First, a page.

HOME
        TheInfoList






The North-West District or Ngamiland is one of the first-level administrative subdivisions of Botswana. For census and administrative purposes Ngamiland is subdivided into Ngamiland East, Ngamiland West and Ngamiland Delta (Okavango).[2] It is governed by a District Commissioner, appointed by the national government, and the elected North-West District C

The North-West District or Ngamiland is one of the first-level administrative subdivisions of Botswana. For census and administrative purposes Ngamiland is subdivided into Ngamiland East, Ngamiland West and Ngamiland Delta (Okavango).[2] It is governed by a District Commissioner, appointed by the national government, and the elected North-West District Council. The administrative centre is Maun.

As of 2011, the total population of the district was 175,631 compared to 142,970 in 2001. The growth rate of population during the decade was 2.08. The total number of workers constituted 32,471 with 16,852 males and 15,621 females, with a majority of them involved in agriculture.[citation needed]

Maun, the Tsodilo Hills, the Moremi Game Reserve, the Gchwihaba (Drotsky's) Caves, the Aha Hills (on the border with Namibia), the Nhabe Museum in Maun, and Maun Educational Park are the major tourist attractions in the district.

History

In the late 18th century, the Tswana people, primarily herders, began expanding northward into what is now called Ngamiland. A sub-chiefdom, called Tawana out of Ngwato, was established there.[3] In 1885 when the British established the Bechuanaland Protectorate, the northern boundary was 22° south latitude. On 30 June 1890, the northern boundary of the protectorate was formally extended northward by the British to include Ngamiland, which at the time was still under the Tawana, who by then recognized the authority of Khama III.[4][5] British officials did not arrive in the Ngamiland region until 1894.[6] Ngamiland was administered as Bechuanaland's northwestern corner and primary contact point with German South West Africa via the Caprivi Strip.

In 1966 the North-West District was established which included both Ngamiland and Chobe; however, in 2006, Chobe District was again separated out.[7]

Geography

Image of Maun

The region has an average elevation of around 915 m (3,002 ft) above the mean sea level. The vegetation type is Savannah, with tall grasses, bushes and trees. The annual precipitation is around 650 mm (26 in), most of

As of 2011, the total population of the district was 175,631 compared to 142,970 in 2001. The growth rate of population during the decade was 2.08. The total number of workers constituted 32,471 with 16,852 males and 15,621 females, with a majority of them involved in agriculture.[citation needed]

Maun, the Tsodilo Hills, the Moremi Game Reserve, the Gchwihaba (Drotsky's) Caves, the Aha Hills (on the border with Namibia), the Nhabe Museum in Maun, and Maun Educational Park are the major tourist attractions in the district.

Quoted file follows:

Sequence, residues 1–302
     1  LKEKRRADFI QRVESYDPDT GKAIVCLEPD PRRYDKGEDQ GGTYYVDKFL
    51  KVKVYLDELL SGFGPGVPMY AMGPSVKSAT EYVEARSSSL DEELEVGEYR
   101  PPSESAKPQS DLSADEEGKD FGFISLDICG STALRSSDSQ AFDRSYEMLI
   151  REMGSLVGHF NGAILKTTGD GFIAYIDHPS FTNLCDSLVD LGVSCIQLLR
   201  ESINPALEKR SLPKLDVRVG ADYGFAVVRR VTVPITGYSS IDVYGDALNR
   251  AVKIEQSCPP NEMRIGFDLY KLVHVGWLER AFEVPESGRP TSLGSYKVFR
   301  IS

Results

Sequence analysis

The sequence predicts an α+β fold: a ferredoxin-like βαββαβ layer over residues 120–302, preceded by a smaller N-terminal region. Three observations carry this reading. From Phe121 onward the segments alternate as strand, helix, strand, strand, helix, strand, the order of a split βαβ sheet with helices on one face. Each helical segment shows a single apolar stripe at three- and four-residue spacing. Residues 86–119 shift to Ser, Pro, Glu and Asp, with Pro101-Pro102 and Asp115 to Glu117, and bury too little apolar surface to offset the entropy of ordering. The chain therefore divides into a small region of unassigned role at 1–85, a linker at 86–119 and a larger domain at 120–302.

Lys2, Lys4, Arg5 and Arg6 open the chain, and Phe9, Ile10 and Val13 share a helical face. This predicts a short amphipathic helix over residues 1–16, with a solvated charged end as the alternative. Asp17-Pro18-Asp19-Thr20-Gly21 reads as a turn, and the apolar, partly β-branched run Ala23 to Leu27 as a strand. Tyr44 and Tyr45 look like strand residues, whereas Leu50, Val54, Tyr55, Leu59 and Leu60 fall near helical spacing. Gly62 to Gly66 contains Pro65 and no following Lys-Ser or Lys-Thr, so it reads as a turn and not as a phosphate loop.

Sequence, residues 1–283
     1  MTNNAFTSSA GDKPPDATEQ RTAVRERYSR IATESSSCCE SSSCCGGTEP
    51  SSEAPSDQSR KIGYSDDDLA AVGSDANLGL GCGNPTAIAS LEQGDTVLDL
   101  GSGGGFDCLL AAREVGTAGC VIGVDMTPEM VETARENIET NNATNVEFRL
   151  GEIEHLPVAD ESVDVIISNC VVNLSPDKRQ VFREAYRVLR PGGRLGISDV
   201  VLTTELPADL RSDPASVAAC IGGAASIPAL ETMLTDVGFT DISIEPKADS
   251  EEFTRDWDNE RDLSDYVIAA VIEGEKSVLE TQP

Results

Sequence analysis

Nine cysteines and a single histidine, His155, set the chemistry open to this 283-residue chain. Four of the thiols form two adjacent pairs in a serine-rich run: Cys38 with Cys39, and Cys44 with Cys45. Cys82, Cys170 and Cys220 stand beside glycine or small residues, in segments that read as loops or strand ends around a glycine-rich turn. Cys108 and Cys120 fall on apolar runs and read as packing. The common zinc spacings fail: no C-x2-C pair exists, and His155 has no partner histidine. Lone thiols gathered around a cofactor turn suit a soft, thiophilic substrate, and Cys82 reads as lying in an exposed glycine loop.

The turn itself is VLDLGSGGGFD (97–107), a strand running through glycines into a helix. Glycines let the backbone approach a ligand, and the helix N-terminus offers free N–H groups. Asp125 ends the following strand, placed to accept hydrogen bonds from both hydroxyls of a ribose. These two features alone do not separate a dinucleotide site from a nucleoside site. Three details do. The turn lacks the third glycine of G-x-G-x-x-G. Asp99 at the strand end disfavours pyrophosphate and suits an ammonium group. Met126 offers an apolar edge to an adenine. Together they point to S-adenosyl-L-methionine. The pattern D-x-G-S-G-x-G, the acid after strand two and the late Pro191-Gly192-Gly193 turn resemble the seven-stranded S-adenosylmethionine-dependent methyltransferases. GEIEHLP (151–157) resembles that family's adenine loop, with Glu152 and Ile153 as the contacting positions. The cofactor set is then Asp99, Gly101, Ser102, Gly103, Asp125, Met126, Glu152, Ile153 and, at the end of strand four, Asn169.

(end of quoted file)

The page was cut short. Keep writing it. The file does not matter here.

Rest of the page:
In the late 18th century, the Tswana people, primarily herders, began expanding northward into what is now called Ngamiland. A sub-chiefdom, called Tawana out of Ngwato, was established there.[3] In 1885 when the British established the Bechuanaland Protectorate, the northern boundary was 22° south latitude. On 30 June 1890, the northern boundary of the protectorate was formally extended northward by the British to include Ngamiland, which at the time was still under the Tawana, who by then recognized the authority of Khama III.[4][5] British officials did not arrive in the Ngamiland region until 1894.[6] Ngamiland was administered as Bechuanaland's northwestern corner and primary contact point with German South West Africa via the Caprivi Strip.

In 1966 the North-West District was established which included both Ngamiland and Chobe; however, in 2006, Chobe District was again separated out.[7]

Geography

Image of Maun

The region has an average elevation of around 915 m (3,002 ft) above the mean sea level. The vegetation type is Savannah, with tall grasses, bushes and trees. The annual precipitation is around 650 mm

In 1966 the North-West District was established which included both Ngamiland and Chobe; however, in 2006, Chobe District was again separated out.[7]

The region has an average elevation of around 915 m (3,002 ft) above the mean sea level. The vegetation type is Savannah, with tall grasses, bushes and trees. The annual precipitation is around 650 mm (26 in), most of which is received during the summer season from November to May.

North-West District shares its borders with the following foreign areas: Omaheke Region, Namibia in southwest, Otjozondjupa Region, Namibia in west, Kavango East Region, Namibia in northwest and Zambezi Region, Namibia in north. Domestically, it borders Central District in southeast, Ghanzi District in southwest and Chobe District in the east.

Like most of Botswana, it consists of partially dissected tablelands, in this case sloping down from the Kaukau Veld that lies to the northwest.[8]North-West District shares its borders with the following foreign areas: Omaheke Region, Namibia in southwest, Otjozondjupa Region, Namibia in west, Kavango East Region, Namibia in northwest and Zambezi Region, Namibia in north. Domestically, it borders Central District in southeast, Ghanzi District in southwest and Chobe District in the east.